The configuration of shoot vasculature of Philodendron has been extensively studied by French and Tomlinson (1980, 1981, 1984). They report the genus to be one of the most diverse in the family from an anatomical point of view. The axis of the vascular system of Philodendron is continuous throughout the stem because the renewal shoots develop precociously and because the morphologically terminal parts of the stem soon become branches (French & Tomlinson, loc. cit.). All species of Philodendron examined by French and Tomlinson have an "independent cortical vascular system of traces that pass from the leaf into the cortex, but without entering the central cylinder". Generally the cortex is wide with 3-5 or more indistinct series of bundles. Cortical bundles are collateral, typically with a fibrous sheath next to the phloem. Major leaf traces enter the cortex at an acute angle and promptly enter the central cylinder while smaller traces enter the cortex at a less acute angle and may enter the central cylinder well below where they entered the cortex. No endodermis was observed by French & Tomlinson for any of the species observed.
Philodendron subg. Philodendron has secretory resin canals occurring in the cortex. These consist of a schizogenous space lined with 2-3 layers of epithelial cells and contain a Sudan IV-staining resin (French & Tomlinson, 1984). The central cylinder is separated from the cortex by an arrangement of vascular bundles into which the leaf traces merge. Bud traces are equal on both sides and form an arc near the periphery of the central cylinder before joining with the axial bundles.
In their survey of 3-dimensional arrangement of vascular bundles leaf traces and axial bundles were distinct with the leaf traces being consistently collateral with protoxylem and usually with a prominent sheath of sclerenchma next to the phloem.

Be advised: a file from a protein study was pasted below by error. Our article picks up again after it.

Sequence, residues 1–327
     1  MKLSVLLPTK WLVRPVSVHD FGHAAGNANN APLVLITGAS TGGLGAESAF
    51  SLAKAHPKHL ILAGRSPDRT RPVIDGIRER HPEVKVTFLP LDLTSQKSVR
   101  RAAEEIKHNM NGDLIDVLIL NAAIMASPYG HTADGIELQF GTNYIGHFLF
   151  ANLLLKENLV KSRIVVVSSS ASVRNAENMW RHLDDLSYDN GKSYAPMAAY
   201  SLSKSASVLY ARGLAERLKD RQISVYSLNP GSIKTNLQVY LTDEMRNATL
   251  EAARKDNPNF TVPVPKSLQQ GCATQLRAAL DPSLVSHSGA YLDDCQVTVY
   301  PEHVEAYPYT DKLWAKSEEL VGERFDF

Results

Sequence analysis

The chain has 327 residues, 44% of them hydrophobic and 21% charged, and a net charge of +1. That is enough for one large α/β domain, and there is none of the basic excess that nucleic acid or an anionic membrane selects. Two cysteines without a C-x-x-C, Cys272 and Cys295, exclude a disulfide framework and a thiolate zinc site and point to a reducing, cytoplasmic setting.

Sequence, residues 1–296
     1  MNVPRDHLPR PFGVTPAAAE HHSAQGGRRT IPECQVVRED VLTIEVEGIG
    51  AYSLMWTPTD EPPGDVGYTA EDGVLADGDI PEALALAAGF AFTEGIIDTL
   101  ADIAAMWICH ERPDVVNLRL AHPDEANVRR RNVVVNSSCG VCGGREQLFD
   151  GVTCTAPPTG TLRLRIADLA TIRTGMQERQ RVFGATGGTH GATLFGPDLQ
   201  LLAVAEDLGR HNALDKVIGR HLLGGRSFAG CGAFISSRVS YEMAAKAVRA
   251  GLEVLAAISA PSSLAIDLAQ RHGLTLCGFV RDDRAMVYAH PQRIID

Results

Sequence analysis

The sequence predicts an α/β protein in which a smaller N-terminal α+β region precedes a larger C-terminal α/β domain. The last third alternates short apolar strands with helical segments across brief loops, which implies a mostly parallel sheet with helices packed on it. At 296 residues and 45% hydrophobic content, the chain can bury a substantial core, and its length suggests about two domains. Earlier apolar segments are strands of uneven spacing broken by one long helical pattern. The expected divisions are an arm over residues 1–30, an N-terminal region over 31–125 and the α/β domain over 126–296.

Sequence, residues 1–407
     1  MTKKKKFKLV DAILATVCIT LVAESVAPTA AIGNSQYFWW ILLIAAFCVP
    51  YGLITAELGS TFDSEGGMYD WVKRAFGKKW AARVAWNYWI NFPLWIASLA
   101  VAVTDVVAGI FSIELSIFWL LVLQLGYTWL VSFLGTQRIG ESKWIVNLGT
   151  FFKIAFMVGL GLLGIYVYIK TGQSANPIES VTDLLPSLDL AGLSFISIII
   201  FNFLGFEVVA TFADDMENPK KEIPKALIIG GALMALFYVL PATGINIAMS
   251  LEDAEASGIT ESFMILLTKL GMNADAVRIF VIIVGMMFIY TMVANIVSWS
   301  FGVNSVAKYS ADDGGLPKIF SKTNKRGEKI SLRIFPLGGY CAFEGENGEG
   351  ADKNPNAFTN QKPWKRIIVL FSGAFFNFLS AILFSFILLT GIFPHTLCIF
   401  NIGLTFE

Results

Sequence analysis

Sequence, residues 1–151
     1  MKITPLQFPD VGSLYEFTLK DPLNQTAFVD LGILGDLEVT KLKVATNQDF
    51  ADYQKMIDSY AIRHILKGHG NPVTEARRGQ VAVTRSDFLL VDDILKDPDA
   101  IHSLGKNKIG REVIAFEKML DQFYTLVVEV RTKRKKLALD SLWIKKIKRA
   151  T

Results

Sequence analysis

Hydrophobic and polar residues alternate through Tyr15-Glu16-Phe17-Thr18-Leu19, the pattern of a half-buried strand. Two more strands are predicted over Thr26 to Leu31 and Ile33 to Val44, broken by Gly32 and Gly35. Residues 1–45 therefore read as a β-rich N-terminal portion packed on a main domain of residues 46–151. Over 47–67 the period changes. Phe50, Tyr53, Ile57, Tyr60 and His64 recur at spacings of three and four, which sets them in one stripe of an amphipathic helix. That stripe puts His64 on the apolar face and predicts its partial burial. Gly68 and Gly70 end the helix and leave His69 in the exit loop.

The axial bundles were divided roughly into five groups, four of which pertain to P. subg. Philodendron.
In the P. hederaceum pattern (French & Tomlinson pattern 1) there are simple collateral bundles with some bipolar bundles in the central cylinder of the internodes with thin-walled and non-lignified ground tissue.
Another relatively rare pattern involving P. sect. Baursia (but not a Central American representative of the section) and P. jacquinii (Pattern 3 of French & Tomlinson) has compound bundles throughout the central cylinder with individual compound bundles consisting of strands of xylem and phloem separated from each other by sclerenchyma "in the form of a partial or complete sheath" (French & Tomlinson, loc. cit.). In P. jacquinii leaf traces enter the central cylinder but make a variety of configurations, sometimes including pairing before joining the compound bundles. Compound bundles do not make a particularly straight course, sometime bundling and pairing within and between compound bundles.
A pattern exhibited by P. fragrantissimum and P. roseospathum (French & Tomlinson pattern #4) is similar to pattern #3 except that "the pattern of the vascular components with compound bundles is less clear because components are not separated by sclerenchyma" (French & Tomlinson, loc. cit). The latter occupies the central core but does not isolate individual bundle components.
The pattern for P. mexicanum and P. sagittifolium (French & Tomlinson pattern #5), described as the most common in the genus, has axial bundles strictly amphivasal with a central core of phloem and a peripheral region of xylem. The tracheary elements may form a more or less continuous cylinder or may be arranged in clusters around the phloem. Leaf traces penetrate the central bundle and fuse with the central cylinder while the sclerenchyma sheath of the trace migrates to the center of the axial bundle.